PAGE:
In 322 BC, a young nobleman and great warrior, called Chandragupta Maurya, overthrew the foreign governors installed in western India by Alexander the Great. Chandragupta and his successors then formed the Mauryan Empire, by uniting almost the whole of India, Afghanistan, and what is now Pakistan, as one great nation for the first time.
The empire reached its height under its greatest ruler – Chandragupta Grandson, Asoka, who introduced Buddhism in India.
Origins of the Empire:-
When Alexander and a battle-weary army took over what is now Punjab, his conquest lasted only a few years.
From a base of Pataliputra, Chandragupta seized the neighboring kingdom of Magadha and pushed westward through Alexander’s lands in Punjab.
Governing the Empire:-
The Mauryan government was well organized. A civil service dealt with births and deaths, immigration, manufacturing, industrial arts, trade, and tax Collection. A justice system prescribed severe punishment for lawbreakers. Governor’s administered each reign.
The two emperors that came before Ashoka held the system together with an army of 700000 men and a secret police force, that spent spies all over the Empire.
In 261 BC, Asoka conquered the Southern state of Kalinga. Thousands of people were killed during the Battle, and this slaughter so shocked Asoka that it turned him against violence forever.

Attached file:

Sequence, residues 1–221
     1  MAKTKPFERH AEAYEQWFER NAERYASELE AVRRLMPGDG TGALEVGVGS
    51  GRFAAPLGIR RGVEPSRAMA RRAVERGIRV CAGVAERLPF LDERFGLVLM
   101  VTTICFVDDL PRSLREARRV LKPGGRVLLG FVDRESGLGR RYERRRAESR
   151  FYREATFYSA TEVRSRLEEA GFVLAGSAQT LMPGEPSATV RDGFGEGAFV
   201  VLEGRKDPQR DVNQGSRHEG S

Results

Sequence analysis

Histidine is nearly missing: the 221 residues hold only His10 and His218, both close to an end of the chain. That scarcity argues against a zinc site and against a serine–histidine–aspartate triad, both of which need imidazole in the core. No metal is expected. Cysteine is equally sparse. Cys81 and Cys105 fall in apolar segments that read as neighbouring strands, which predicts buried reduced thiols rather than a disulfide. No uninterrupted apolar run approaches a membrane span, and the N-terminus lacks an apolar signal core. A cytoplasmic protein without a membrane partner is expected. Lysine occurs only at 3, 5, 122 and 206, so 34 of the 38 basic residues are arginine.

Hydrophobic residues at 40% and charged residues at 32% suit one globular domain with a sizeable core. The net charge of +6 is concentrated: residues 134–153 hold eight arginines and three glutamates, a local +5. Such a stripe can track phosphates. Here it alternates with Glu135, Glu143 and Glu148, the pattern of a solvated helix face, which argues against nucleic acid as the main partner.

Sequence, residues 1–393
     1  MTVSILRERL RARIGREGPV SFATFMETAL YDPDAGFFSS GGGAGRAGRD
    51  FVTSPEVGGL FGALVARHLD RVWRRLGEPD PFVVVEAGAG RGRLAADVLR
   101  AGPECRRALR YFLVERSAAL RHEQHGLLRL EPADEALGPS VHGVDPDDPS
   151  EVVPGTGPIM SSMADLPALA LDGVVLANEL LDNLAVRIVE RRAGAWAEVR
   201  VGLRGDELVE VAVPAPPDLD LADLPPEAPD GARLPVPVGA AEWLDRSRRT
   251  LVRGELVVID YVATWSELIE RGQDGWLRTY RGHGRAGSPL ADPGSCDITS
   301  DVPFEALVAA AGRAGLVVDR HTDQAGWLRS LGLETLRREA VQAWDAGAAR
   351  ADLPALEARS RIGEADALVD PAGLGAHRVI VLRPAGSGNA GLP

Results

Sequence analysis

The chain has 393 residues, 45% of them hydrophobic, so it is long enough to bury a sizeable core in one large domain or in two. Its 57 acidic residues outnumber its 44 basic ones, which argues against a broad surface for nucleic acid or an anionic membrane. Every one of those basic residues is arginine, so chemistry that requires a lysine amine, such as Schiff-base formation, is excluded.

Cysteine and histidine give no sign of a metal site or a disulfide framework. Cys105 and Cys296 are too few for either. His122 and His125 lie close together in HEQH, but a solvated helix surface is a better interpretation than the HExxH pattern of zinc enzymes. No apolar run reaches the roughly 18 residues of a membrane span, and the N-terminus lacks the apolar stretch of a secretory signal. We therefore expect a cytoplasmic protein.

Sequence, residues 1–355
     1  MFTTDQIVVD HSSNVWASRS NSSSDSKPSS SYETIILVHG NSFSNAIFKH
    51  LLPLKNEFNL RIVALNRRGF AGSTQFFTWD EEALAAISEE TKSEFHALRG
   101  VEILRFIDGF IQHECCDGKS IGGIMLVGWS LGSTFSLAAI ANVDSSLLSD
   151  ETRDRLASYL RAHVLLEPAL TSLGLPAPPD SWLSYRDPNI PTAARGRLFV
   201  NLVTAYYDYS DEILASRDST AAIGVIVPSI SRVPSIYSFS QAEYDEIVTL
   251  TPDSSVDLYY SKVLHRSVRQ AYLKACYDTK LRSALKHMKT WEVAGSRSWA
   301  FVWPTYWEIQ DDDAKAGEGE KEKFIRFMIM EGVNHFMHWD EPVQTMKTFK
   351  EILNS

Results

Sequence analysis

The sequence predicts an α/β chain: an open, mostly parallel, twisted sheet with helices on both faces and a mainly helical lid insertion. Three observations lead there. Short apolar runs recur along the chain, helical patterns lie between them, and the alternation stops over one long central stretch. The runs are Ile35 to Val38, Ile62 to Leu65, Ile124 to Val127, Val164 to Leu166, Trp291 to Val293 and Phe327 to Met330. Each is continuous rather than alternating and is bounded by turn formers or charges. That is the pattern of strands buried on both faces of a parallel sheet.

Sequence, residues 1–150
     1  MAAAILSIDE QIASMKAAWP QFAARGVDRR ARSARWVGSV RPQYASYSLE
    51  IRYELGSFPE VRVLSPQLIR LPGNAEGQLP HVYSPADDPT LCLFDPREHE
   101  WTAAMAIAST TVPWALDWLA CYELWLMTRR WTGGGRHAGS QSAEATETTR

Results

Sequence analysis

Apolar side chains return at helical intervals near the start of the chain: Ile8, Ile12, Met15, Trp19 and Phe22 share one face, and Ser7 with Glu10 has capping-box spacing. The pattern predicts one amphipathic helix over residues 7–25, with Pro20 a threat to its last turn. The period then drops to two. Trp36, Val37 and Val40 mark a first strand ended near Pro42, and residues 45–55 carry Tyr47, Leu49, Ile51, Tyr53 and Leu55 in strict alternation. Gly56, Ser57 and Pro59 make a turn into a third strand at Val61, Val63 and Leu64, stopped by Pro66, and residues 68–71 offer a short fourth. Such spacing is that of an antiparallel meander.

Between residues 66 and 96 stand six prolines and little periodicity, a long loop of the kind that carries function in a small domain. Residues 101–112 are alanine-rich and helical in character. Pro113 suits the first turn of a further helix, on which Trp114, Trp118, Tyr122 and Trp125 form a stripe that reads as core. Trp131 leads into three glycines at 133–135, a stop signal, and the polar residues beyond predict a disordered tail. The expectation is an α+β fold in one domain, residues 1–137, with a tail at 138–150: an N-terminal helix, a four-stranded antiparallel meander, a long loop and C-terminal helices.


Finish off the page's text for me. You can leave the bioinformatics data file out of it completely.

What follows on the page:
He converted to Buddhism and devoted his life to governing peacefully. The Empire reached its peak under Asoka’s rule.
Edicts of Asoka:-
Asoka had many of his edicts (sayings) inscribed on rocks, in caves, and on pillars that were specially built all over India. These inscriptions advise a life of toleration, non-Violence, simplicity, and vegetarianism.
They describe the emperor, who once wrote that “All men are my children”, as striving for the well-being of his subjects.
Asoka used an idea called “dharma” (the principle of right-thinking), instead of conquest, to hold his empire together.
He encouraged a policy of religious tolerance among his nobles and Civil Servants, and this policy helped him to unite an empire that contained people of different religious beliefs.
Buddhism in the Mauryan Empire:-
Buddhism became a major religion during the Mauryan period, and many craftworkers began to create beautiful religious items, particularly from steatite.
These include reliquaries(containers for sacred relics), and symbols that were central to Buddhist ideas, such as the Wheel of Law. The spokes of the Wheel symbolize rays of Light, or enlightenment, shinning from the Buddha.
Asoka sponsored the building of many Buddhist shrines or stupas. These were places of pilgrimage for Buddhists, and the carvings inside them inspired prayer and mediation. Most have been rebuilt, but the entrance gates of Great Stupas at Sanchi are from the Mauryan Period.
Timeline of Mauryan Empire:-
322 BC:- Chandragupta Maurya found the Mauryan Empire.
301-269 BC:- Reign of Bindusara, Chandragupta’s son. He conquest parts of the Deccan, southern India.
269-232 BC:- The Mauryan Empire reaches its height under Asoka, Chandragupta’s grandson.
261 BC:- Asoka conquered the Kingdom of Kalinga.
250 BC:- Asoka builds Buddhist Stupas and erects pillars bearing an inscription.
184 BC:- The empire collapses when Brihadnatha, the last Emperor, is killed by a rival dynasty.